5 Cash Flow Management Tips for Small Businesses

Cash flow is the cornerstone of any small business. A healthy cash flow in and out of your business can help you pay expenses on time, invest in new opportunities, and grow your business. However, getting this balance right isn’t always easy. Cash flow management is an issue for most small business owners.

Business owner managing cash flow

photo credit: Tima Miroshnichenko / Pexels

Here are five cash flow management tips that can help you meet your short-and-long term money requirements and boost return on uninvested funds.

1. Monitor your cash flow

Your business needs someone to monitor your cash flow. While the bookkeeper will make daily deposits and update your financial statements, it isn’t their responsibility to monitor cash flow. This is an extremely important role, as whoever monitors your cash flow will let you know when money goes below the predetermined threshold, which is a call for concern.

While your accountant can help you with this, cash flow monitoring should be conducted by a controller or chief financial officer (CFO). If your business doesn’t have a CFO, consider looking for CFOs for hire.

2. Accept e-payments and checks

Asking your customers to use electronic money transfers or checks can help you reduce the presence of cash on your business premises. The more money you store in your business place, the higher the risk of loss and theft. Online payments, such as exchange-traded funds (ETFs) or checks are safer since they minimize the risk of theft and speed up payments at the same time. Although credit cards charge service fees, it’s a chump to pay for convenience and security.

3. Determine your monthly expenses

Knowing how much money you require to survive personally and as a business is essential. Figure out the cash you need to live on and the money your business requires for rent, employees’ salaries, utilities and other expenses. Once you determine these two figures, you will have a baseline to work with. Budget carefully and set some money aside as an emergency saving fund for unexpected events in life or business.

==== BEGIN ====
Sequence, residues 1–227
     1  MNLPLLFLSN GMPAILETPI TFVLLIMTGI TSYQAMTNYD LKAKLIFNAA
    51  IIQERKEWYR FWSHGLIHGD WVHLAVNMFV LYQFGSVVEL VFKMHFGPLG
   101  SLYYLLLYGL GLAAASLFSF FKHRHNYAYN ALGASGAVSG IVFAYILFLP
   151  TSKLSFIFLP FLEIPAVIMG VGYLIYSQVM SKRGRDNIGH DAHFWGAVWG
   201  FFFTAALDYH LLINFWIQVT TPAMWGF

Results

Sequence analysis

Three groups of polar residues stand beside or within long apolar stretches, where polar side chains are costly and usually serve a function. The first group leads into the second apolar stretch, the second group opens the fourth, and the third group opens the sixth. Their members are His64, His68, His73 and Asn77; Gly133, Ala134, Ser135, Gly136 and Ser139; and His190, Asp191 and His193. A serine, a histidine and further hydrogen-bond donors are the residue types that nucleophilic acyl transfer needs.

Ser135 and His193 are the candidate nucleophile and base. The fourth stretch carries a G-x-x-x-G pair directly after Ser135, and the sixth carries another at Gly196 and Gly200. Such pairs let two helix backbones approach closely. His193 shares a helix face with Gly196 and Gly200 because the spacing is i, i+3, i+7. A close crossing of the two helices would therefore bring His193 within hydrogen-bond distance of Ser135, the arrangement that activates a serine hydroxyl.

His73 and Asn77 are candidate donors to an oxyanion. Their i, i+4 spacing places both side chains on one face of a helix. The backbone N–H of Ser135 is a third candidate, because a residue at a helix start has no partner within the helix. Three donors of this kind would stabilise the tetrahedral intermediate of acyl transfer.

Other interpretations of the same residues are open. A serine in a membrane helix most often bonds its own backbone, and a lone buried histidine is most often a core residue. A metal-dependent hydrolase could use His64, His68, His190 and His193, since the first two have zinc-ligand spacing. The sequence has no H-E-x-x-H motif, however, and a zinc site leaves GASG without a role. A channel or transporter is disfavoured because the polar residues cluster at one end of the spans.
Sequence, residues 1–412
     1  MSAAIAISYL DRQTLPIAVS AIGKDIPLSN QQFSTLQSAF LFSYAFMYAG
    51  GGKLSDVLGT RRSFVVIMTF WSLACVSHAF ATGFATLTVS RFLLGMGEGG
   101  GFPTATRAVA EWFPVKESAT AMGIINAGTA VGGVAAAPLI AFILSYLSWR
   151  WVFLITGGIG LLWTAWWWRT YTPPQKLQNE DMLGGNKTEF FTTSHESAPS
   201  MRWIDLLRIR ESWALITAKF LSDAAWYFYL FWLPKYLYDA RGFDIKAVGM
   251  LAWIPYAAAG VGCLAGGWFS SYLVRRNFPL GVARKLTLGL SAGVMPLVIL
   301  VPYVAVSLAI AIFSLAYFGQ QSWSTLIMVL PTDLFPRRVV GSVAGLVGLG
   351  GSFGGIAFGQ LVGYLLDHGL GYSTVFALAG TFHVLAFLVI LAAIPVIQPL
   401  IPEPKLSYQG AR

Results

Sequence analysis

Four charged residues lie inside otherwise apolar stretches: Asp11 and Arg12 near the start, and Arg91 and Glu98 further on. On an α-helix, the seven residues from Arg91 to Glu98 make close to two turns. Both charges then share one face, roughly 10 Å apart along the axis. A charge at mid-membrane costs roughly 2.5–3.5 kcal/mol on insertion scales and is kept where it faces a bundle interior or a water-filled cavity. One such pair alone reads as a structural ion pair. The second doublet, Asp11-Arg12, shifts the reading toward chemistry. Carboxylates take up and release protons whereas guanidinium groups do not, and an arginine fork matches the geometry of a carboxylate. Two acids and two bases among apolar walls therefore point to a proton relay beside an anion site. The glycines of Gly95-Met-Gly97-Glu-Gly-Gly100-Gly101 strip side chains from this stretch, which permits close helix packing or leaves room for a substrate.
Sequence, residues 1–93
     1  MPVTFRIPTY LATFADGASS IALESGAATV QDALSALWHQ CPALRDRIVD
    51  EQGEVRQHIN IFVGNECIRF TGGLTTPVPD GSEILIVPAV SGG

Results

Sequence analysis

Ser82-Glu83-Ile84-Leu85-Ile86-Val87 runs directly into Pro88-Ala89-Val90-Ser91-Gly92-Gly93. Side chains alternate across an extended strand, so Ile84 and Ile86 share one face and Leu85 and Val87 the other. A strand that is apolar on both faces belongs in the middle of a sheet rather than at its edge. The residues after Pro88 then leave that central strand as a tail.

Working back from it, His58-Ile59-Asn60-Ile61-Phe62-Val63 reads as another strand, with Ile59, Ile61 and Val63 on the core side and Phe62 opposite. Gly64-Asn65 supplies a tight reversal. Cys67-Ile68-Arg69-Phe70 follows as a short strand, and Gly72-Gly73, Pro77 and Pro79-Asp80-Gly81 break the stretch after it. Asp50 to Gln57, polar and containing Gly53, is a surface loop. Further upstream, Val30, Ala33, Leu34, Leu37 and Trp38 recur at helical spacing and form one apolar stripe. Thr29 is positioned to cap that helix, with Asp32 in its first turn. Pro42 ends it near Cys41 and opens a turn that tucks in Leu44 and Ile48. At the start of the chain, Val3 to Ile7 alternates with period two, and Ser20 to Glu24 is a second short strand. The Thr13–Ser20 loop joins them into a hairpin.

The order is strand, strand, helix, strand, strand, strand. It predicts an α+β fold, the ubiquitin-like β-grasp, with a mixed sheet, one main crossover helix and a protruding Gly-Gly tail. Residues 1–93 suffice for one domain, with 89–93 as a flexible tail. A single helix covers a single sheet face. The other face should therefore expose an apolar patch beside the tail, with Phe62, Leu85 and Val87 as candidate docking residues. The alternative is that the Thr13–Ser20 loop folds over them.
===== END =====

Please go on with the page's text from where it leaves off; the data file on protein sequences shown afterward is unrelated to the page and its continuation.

4. Lease equipment rather than buying

While it may be cheaper over the long term, purchasing new equipment and regularly updating them can be expensive and time-consuming in the short term. Leasing your business equipment instead may reduce your short-term financial distress. You will not need to upgrade or sell outdated equipment that you have bought.

Equipment leases also usually qualify for tax credits that can lower your tax burden. Therefore, you will have less money leaving your bank account in huge lump sums and maintain a regular cash flow.

5. Pick the appropriate payroll cycle

Structure your business payroll to match your revenue stream and accede with the state’s wage and hour laws. Small businesses that create daily revenue, such as retail, can more easily offset the cash required for seven-day payroll. However, this can be difficult for a business with a slower revenue stream since cash doesn’t come in frequently.

Your business can benefit from holding the cash to be paid less frequently than weekly, provided applicable wage and hour laws allow you to do so. Consult your state Department of Labor for any requirements for payroll frequency.

Endnote

Managing cash flow is essential for your short- and long-term financial success. Ensure the most of your money by keeping track of expenses, monitoring your cash flow, or using any resources that can make managing cash flow more efficient.

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